[Some serious backtracking here from TSMC is a slam dunk to get Apple's business. Looks like the Altera new really shook some people up. Those who just assumed nothing was happening while really big deals were being developed behind closed doors....]
Since Intel has opened up its fabs to other fabless IC firms, the Silicon Valley giant will pose a threat to TSMC at some point when it comes to high-volume orders, including future chip orders from Apple.
TSMC will no longer be the sole supplier of Altera-designed chips. The FPGA vendor has announced plans to use Intel's 14nm FinFET process technology for the manufacture of its next-generation, high-performance product series.
There is no doubt about Intel's manufacturing leadership, said Digitimes Research analyst Nobunaga Chai, when asked to comment on the just-announced partnership between Altera and Intel. Intel remains ahead of TSMC by 1-2 generations in technology, Chai added.
Using Intel's 14m FinFET process will bring Altera's next-generation products more competitiveness against their counterparts provided by Xilinx, in terms of performance, Chai believes.
However, making FPGAs is a lot different from producing application processors for mobile devices, Chai noted. The architecture of a FPGA does yield a high throughput while that of an AP doesn't, Chai continued. In other words, grabbing future chip orders from Altera should not be associated with a greater chance for Intel to land foundry orders for Apple's mobile devices, Chai said.
From the lessons of cooperation with Samsung Electronics, Apple should find a number of reasons not to work with an IDM especially when the architecture it provides deliver better performance and power savings than that provided by the foundry partner, Chai pointed out. Nevertheless, another scenario is that Apple transitions its iPhones and iPads away from the ARM SoCs if Intel is able to provide more competitive solutions for mobile devices, Chai said.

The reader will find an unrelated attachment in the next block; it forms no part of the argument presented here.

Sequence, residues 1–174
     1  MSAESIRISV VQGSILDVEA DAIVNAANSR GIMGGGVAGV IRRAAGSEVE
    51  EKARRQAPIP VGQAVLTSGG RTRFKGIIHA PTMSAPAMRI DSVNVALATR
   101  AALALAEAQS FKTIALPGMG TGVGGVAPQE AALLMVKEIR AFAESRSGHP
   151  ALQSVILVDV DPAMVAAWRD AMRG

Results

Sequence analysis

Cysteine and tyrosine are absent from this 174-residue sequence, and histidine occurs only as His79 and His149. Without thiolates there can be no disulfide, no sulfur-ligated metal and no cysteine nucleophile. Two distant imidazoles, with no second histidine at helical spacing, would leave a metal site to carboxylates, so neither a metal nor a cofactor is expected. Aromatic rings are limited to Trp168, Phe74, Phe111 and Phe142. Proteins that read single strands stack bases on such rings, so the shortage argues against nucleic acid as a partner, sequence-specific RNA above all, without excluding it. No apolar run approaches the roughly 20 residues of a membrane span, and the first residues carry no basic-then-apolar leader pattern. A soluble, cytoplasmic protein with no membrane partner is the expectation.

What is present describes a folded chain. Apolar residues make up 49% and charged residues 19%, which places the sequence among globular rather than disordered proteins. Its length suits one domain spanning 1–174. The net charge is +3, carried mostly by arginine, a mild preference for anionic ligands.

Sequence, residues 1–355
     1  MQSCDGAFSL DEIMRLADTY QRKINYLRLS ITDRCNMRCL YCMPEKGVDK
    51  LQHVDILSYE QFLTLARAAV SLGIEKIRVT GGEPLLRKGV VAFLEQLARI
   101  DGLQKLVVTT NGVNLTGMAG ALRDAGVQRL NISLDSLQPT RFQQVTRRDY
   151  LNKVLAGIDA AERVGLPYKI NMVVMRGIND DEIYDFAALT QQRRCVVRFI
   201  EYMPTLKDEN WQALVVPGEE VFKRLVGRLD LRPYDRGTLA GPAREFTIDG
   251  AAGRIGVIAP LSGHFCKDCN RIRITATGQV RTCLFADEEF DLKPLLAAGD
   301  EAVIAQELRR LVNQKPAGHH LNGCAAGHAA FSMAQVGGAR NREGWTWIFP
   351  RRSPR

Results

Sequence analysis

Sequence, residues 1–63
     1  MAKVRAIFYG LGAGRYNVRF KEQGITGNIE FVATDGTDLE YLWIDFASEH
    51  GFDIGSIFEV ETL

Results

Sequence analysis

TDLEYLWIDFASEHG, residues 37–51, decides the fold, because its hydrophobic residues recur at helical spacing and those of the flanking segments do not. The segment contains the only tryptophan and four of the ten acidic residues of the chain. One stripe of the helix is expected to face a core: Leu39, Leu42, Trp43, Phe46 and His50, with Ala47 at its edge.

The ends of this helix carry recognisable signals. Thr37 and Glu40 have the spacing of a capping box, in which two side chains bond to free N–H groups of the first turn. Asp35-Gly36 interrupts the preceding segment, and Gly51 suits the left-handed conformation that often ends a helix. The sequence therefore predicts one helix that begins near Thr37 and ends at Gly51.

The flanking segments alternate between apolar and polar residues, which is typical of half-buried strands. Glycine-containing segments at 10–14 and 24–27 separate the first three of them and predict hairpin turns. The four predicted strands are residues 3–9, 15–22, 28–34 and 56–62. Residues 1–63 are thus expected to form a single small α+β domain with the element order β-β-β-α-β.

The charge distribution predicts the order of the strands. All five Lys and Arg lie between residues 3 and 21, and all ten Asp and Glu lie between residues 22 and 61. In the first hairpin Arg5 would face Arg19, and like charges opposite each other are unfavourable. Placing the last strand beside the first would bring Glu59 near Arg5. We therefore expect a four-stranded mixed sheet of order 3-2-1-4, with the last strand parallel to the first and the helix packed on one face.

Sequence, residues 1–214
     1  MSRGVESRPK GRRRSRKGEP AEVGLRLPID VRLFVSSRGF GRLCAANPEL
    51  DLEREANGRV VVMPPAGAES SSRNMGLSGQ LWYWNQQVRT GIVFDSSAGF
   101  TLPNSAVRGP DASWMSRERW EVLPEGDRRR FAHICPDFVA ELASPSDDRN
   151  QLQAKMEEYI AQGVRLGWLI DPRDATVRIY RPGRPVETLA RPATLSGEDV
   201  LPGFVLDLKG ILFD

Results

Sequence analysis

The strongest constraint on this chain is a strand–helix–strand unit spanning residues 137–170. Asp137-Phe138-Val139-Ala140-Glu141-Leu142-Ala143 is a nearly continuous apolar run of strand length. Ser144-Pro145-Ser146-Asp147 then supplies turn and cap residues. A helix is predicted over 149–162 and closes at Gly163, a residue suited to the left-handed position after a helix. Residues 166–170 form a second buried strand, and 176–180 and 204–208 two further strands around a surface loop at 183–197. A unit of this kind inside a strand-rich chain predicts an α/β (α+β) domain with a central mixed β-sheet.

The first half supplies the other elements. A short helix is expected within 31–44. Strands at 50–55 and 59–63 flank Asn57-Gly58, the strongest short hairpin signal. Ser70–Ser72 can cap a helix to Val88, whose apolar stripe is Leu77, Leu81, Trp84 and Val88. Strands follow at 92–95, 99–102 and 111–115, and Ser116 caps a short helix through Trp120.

Intel can also utilize and extend further its relationship with memory chipmaker Micron Technology so that it stands a better chance of grabbing future chip orders from Apple, Chai suggested. The capability of manufacturing a single-chip integrated logic and memory device through 3D chip-stacking technology will be a competitive edge for Intel to win an Apple contract, Chai said.
But for now, Chai reiterated his earlier prediction that TSMC is Apple's most-likely partner given that the pure-play foundry's manufacturing efficiency, flexibility and full support to co-work with.
Chai said previously that TSMC with its 20nm SoC process would most likely secure its first chip orders from Apple, and the foundry's 16nm FinFET process would play a key role in Apple's "breakthrough" product.technology.
Sentiment: Strong Buy
Altera going to INTC is a big deal but more of a reflection of Xilinx moving to TSMC than anything else. In the FPGA business whoever is first to a process node wins big market share. Xilinx was at UMC and lagged Altera/TSMC @ 40nm by close to a year and Altera gained huge market share. Xilinx moved to TSMC and beat Altera to 28nm by a month or so. Xilinx will probably beat Altera to TSMC 20nm as well.
Since Altera prefers a high performance process they can probably use the same Intel process as the microprocessors, not the SoC ultra low power version which is a big challenge for INTC. If so Altera can beat Xilinx to 14nm by a significant margin and win back market share.
Apple is at TSMC 20nm. For 14nm they will probably use Samsung again which will ramp about the same time as Intel 14nm SoC or maybe earlier. Xilinx will probably use Samsung 14nm as well. IMHO
I don't forsee Apple staying with ARM too much longer. It is not a big secret that Apple wants to develop their own chips. It is doubtful that they would want to continue to pay royalties for ARM and have the kind of restriction on them that using ARM creates. It just isn't Apples style. They will probably lease space at a fab and design their own chips at some point. I don't think Intel will cooperate with this since Apple is a big player in the mobile space and Intel does not want to help them out. No I see Apple using TSMC foundries to make their chips.
"I don't forsee Apple staying with ARM too much longer. It is not a big secret that Apple wants to develop their own chips. It is doubtful that they would want to continue to pay royalties for ARM and have the kind of restriction on them that using ARM creates. "
Apple switched from using ARM cores to licensing the ARM architecture and creating custom cores fitted for iOS on the iPhone5. QCOM was the first to do this with Snapdragon. Others like Samsung will follow. When will Intel license the Atom architecture again? That would be never.